Joseph B. A. Afful is Associate Professor and Dean of Faculty of Arts at the University of Cape Coast (Ghana), where he obtained his B.A. (Hons.), Dip. Ed., and MPhil (English). He has a PhD in Applied Linguistics from the National University of Singapore. He was a Mellon Postdoctoral Fellow at the University of the Witwatersrand in South Africa. He teaches courses in Genre Studies, Sociolinguistics, General Linguistics, Academic Communication, and Research Methods. His fields of research include English for Academic Purposes and Publishing, Sociolinguistics, (Critical) Discourse Studies, and Postgraduate Pedagogy. He has published in national and international journals such as Asemka, Drumspeak, Professional and Academic English, ESP World, Nebula, Sociolinguistic Studies, Journal of Multicultural and Multilingual Development and Nordic Journal of African Studies. He serves on both local and international editorial boards.
Mrs. Lena Awoonor-Aziaku completed her MPhil in English at the University of Cape Coast, where she was a Principal Research Assistant at the University of Cape Coast. She is currently pursuing a doctoral programme in Germany. Her interests are English Phonetics and Phonology.
Naming practices, in general, and address terms, in particular, constitute undoubtedly an important verbal behaviour among humans. The commonest set of studies on naming has focused on familial settings. Such studies include Evans-Pritchard's (1948) on naming practices among the Nuer along the Nile in Egypt. Address terms have not only been largely examined in several socio-cultural settings (e.g. Goodenough, 1965; Fang & Heng, 1983; Fitch, 1991; Aceto, 2002), following the most frequently mentioned study by Brown and Gilman's (1960) work, but also been studied in social institutions and practices such as politics (Jaworski & Galasinski, 2000; Fetzer & Bull, 2004), and religion (Sequeira, 1993; Dzameshie, 1997; Wharry, 2003). Address forms have been studied in different languages (see, for example, Bates & Benigni, 1975; Brown & Gilman, 1960; Brown & Ford, 1961; Chandrasekhar, 1970; Cintra, 1972; Paulston, 1976; Ostor, 1982; Oyetade, 1995).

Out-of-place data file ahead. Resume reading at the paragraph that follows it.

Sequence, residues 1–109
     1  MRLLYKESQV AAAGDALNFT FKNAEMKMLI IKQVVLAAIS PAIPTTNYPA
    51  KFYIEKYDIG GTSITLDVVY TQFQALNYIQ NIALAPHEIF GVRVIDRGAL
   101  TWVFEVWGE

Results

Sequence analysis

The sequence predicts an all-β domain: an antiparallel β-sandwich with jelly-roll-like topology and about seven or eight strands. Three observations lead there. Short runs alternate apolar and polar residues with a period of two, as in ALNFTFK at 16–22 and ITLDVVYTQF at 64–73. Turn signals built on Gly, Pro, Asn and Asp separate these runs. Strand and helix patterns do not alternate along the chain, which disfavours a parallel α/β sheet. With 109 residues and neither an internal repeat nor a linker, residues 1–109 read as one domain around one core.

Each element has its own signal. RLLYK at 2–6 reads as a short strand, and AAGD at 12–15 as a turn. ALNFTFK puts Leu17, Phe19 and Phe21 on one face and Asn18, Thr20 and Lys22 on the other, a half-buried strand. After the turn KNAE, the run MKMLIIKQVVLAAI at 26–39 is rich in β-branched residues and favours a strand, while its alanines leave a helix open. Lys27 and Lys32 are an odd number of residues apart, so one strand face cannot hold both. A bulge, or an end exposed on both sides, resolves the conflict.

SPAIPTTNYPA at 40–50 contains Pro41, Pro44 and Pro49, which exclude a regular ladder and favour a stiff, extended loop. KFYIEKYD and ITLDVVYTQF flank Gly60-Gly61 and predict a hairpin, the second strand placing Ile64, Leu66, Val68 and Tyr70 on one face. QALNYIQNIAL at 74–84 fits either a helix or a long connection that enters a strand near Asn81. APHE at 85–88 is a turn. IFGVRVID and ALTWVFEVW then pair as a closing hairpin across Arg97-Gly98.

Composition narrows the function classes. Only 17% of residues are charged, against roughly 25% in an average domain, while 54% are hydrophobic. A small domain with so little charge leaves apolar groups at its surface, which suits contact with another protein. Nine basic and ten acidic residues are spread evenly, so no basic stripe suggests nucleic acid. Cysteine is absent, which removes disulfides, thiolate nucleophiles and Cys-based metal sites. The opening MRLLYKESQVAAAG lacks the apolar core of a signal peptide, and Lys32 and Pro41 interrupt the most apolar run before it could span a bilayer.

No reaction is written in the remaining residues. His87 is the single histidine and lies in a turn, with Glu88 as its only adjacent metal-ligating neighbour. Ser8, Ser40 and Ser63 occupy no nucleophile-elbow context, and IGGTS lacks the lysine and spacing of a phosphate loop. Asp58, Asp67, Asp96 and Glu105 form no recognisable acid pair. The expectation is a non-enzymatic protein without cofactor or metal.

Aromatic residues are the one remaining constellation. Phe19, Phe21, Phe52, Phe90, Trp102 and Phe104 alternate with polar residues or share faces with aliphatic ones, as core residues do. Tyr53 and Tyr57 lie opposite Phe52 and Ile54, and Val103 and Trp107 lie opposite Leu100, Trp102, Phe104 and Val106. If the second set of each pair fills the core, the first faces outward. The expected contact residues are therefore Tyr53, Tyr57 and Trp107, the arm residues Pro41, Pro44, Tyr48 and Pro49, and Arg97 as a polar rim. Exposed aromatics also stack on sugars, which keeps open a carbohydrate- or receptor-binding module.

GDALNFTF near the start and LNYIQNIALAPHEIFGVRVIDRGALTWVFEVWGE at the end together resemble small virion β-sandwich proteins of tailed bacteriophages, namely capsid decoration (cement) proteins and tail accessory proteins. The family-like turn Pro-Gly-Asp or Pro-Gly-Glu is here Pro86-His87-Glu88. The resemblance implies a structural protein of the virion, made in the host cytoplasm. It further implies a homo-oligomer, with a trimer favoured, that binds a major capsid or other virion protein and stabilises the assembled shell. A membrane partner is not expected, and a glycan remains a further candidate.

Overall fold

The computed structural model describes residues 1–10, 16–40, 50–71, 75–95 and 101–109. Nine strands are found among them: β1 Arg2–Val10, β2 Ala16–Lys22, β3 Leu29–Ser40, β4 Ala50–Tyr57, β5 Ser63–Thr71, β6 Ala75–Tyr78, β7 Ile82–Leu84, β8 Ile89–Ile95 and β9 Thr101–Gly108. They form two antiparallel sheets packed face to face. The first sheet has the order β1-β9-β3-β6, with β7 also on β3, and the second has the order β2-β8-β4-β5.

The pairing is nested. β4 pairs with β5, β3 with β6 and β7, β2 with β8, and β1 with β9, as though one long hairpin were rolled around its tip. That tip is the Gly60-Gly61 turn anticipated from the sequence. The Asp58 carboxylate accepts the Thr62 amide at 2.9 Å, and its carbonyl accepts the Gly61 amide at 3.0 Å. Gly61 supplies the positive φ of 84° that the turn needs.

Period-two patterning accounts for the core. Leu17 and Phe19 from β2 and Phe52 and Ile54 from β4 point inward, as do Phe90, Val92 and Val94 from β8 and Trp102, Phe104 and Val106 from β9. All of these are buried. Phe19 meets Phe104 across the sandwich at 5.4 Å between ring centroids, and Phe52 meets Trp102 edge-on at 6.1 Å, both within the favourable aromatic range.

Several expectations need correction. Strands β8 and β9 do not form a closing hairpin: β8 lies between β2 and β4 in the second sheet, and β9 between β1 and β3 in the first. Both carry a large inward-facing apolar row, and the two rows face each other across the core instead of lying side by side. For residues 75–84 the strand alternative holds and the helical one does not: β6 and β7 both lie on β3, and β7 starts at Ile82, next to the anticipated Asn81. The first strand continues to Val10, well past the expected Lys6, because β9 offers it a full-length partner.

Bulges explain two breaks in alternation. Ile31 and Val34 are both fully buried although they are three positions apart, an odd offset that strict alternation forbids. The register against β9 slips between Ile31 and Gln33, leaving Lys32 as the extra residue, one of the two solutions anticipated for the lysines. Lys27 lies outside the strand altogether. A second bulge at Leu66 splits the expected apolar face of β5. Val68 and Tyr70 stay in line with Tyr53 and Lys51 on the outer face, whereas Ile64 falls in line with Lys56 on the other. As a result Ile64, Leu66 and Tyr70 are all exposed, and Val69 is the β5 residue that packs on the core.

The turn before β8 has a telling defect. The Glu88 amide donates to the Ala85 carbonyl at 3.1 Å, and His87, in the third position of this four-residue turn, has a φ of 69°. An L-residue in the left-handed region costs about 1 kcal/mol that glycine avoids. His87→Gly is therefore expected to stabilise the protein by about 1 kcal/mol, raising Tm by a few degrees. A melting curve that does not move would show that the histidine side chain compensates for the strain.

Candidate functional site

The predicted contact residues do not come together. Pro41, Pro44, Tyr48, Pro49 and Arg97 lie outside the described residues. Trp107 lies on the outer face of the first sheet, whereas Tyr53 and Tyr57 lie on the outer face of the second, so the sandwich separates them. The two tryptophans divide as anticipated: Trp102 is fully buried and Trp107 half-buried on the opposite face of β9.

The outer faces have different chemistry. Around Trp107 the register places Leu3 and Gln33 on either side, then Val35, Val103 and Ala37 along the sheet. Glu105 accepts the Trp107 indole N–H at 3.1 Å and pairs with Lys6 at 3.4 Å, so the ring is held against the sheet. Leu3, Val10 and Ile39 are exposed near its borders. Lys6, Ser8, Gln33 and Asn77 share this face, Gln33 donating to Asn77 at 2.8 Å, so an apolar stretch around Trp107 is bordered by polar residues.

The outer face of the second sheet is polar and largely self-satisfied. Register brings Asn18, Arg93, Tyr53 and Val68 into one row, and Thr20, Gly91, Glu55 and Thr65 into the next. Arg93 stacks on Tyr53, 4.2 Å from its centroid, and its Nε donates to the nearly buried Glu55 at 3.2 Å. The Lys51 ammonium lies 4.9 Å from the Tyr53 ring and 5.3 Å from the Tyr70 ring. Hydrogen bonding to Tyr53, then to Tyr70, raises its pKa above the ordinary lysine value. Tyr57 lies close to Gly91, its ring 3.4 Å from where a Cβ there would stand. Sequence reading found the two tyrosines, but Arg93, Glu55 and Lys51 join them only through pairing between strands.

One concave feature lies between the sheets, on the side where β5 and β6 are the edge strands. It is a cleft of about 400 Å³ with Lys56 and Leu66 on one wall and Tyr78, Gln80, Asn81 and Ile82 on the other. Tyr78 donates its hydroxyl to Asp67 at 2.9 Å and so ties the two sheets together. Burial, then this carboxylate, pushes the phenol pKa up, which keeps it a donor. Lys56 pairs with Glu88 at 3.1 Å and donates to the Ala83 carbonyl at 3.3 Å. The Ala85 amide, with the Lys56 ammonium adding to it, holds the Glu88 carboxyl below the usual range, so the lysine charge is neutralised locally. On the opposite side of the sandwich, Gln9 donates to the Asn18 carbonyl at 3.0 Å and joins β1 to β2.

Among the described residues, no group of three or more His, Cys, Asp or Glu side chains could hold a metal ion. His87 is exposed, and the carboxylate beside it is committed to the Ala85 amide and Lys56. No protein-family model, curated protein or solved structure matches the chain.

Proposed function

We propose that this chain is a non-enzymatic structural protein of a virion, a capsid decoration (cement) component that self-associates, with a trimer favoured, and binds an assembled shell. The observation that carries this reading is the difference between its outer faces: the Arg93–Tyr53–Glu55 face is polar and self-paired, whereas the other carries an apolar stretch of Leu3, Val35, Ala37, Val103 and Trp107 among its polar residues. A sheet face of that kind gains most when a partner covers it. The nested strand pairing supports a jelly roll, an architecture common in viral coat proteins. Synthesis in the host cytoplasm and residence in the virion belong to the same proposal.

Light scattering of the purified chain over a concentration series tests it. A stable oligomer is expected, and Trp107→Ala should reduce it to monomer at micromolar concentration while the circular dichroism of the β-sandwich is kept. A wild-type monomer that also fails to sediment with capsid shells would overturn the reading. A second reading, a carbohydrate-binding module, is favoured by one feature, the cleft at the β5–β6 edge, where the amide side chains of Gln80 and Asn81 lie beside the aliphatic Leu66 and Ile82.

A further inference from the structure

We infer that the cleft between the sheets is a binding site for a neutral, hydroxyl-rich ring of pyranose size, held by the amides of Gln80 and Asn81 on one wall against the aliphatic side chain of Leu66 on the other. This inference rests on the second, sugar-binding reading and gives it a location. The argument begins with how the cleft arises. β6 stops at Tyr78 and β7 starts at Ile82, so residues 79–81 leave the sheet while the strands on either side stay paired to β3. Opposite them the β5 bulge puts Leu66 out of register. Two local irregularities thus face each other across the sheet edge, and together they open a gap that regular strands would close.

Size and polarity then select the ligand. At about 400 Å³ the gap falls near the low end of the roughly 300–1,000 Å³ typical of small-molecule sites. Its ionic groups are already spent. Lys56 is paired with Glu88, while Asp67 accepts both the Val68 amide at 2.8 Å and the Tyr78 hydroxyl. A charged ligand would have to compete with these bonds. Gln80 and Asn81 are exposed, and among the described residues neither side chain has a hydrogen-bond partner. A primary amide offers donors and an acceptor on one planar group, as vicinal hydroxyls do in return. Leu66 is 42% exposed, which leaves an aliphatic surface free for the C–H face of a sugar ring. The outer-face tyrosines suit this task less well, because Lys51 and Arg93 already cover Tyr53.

Admittedly, there are various studies that have dealt with communication in academic settings, focusing on such notable academic genres as research articles (e.g. Swales, 1990, 2004; Hyland, 2000), dissertations/theses (e.g. Parry, 1998), lectures (e.g. Gomez & Fortuno, 2005), conference proceedings (Ventola, Shalom & Thompson (2002), and thesis defence (Recski, 2005; Don & Izadi, 2011).
Yet, there have not been a corresponding number of studies on naming practices in these academic genres. There are, as far as we know, a limited number of studies on naming practices and, for that matter, address terms in academic settings (e.g. Dickey, 1997; Li, 1997; Kiesling, 1998; Afful, 2006, 2010). Hyland's (2003, 2004) studies of thesis acknowledgements draw tangential attention to naming (reference terms and address terms).
In what follows, we present the aim of the study in order to provide a sense of direction for the present research. We then review the literature on naming on one hand and the literature on acknowledgement on the other hand and attempt to synthesise the two sets of studies. The next section is devoted to a description of the methodology and analytical framework of the study. The analysis and discussion of data then follows, with the conclusion and implications closing the research.